Tonight, Tuesday October 22nd, VHF will be showing “The Pruitt-Igoe Myth” at the Hollywood Theatre on Broadway as part of our Architecture & Design film series. The connection between a St. Louis housing project and our west coast city may not be immediately clear, but there is a direct connection surrounding planning and a key figure.
First off, for those who aren’t aware of Pruitt-Igoe, or its legacy, Pruitt-Igoe was a low income housing project built in an urban neighbourhood of St. Louis. It was created in the late 1950s and demolished completely less than two decades later. It started off as a utopian ideal of housing the city’s poorest citizens in self contained ‘vertical neighbourhoods’, where residents would get to know their neighbours. Skip-stop elevators (which only arrived at pre-determined floors) were a main crux of this plan, designed to encourage neighbours to meet and greet in communal areas. Unfortunately these elevators more often offered muggers the opportunities to accost residents navigating dark stairwells. Crime escalated and residents fled.
The question of why did it fail has been debated time and time again since the demolition of the buildings was completed in 1976. Some credit the fall to the economic state of St. Louis at the time, while others blame the Modernist architectural design and space planning. Some even credit the failure of Pruitt-Igoe as the end of Modern architecture in America.
So what does it have to do with Vancouver?
Besides drawing connections to social housing plans and the ongoing debate in Vancouver regarding neighbourhood planning, there is a very tangible connection. The plan for the 56-acre site that would become Pruitt-Igoe was directly influenced by urban planner Harland Bartholomew, the first city planner for St. Louis, a position he held for several decades, and who also developed plans for Vancouver. Bartholomew had prepared a comprehensive report for the city of St. Louis that identified the slums around the city core for redevelopment. Bartholomew would be later criticized for car-centric planning that prioritized paving and widened roads versus mobility and accessibility. His plans highlighted efficiency and organization, aspects that were also utilized in the building design of the Pruitt-Igoe architects, the skip-stop elevators offering a good example.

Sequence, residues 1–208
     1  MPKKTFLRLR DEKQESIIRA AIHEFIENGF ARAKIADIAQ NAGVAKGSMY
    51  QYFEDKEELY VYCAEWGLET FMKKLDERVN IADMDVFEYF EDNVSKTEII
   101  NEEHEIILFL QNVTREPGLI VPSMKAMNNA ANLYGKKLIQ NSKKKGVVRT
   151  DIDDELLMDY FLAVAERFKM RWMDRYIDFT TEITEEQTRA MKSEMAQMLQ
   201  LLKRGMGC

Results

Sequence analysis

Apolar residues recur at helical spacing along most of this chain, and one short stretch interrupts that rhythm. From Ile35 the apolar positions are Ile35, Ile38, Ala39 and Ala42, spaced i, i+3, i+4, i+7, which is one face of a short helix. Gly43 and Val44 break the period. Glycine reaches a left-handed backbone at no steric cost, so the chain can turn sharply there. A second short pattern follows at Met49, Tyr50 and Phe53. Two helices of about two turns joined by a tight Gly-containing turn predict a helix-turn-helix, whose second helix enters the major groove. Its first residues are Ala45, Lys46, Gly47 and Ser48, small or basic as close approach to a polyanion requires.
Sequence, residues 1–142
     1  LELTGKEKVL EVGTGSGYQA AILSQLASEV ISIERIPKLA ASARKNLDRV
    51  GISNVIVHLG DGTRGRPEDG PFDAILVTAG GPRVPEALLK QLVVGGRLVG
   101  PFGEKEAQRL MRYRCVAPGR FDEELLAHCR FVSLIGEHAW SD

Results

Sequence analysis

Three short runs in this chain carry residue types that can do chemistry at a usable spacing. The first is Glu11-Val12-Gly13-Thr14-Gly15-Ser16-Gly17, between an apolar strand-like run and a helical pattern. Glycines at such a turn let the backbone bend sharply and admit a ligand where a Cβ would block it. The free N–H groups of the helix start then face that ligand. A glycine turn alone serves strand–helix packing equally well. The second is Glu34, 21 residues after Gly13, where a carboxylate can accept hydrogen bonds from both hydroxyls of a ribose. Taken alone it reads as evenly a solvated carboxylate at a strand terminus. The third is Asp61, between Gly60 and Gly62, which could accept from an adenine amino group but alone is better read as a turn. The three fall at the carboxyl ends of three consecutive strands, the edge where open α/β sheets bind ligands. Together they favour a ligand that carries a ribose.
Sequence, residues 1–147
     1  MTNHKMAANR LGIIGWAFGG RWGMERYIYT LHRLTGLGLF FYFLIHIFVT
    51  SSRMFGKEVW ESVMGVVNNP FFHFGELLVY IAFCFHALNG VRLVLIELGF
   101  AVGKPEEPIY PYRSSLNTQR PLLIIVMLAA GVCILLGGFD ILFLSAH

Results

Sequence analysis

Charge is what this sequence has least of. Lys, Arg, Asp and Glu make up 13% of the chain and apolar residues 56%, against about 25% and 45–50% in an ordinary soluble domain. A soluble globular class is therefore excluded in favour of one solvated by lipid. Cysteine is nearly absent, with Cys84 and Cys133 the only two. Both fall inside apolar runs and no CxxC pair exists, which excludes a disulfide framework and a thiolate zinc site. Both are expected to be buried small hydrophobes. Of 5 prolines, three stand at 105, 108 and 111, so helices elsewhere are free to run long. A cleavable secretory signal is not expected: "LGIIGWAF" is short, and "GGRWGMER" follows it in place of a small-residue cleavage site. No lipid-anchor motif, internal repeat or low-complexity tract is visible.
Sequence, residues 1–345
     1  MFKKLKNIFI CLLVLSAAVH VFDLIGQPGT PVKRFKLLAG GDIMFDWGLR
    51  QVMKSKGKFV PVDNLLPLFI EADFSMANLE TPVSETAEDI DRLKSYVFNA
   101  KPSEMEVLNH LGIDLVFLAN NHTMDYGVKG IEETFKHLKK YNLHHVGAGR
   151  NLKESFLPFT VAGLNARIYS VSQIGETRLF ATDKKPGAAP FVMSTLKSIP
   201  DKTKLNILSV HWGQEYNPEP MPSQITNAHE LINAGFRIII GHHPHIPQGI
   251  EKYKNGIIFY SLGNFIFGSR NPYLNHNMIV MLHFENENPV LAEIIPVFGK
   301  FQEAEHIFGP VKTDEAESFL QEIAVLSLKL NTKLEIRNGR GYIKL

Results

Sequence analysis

Bartholomew’s ideas were felt in Vancouver through our original city plan which was prepared by Harland Bartholomew and Associates from 1926-30. Among Bartholomew’s plans for Vancouver were a filled False Creek, paving of what is now the UBC Endowment Lands, and the development of Kitsilano for more apartments (see VHF’s previous blog “Vancouver as it Could Have Been” here). Much of the Bartholomew Plan was abandoned but the Georgia Street viaducts are a reminder of his ideals. Had Bartholomew’s plans for Vancouver been made reality one has to wonder about the lasting effects it could have had on our city, especially in the historical context of the Pruitt-Igoe housing project.
Join us TONIGHT for a by-donation viewing of “The Pruitt-Igoe Myth” starting at 7:30pm. 3123 West Broadway, doors open at 7pm.
We’ll also be celebrating the Hollywood Theatre’s 78 years in Kitsilano.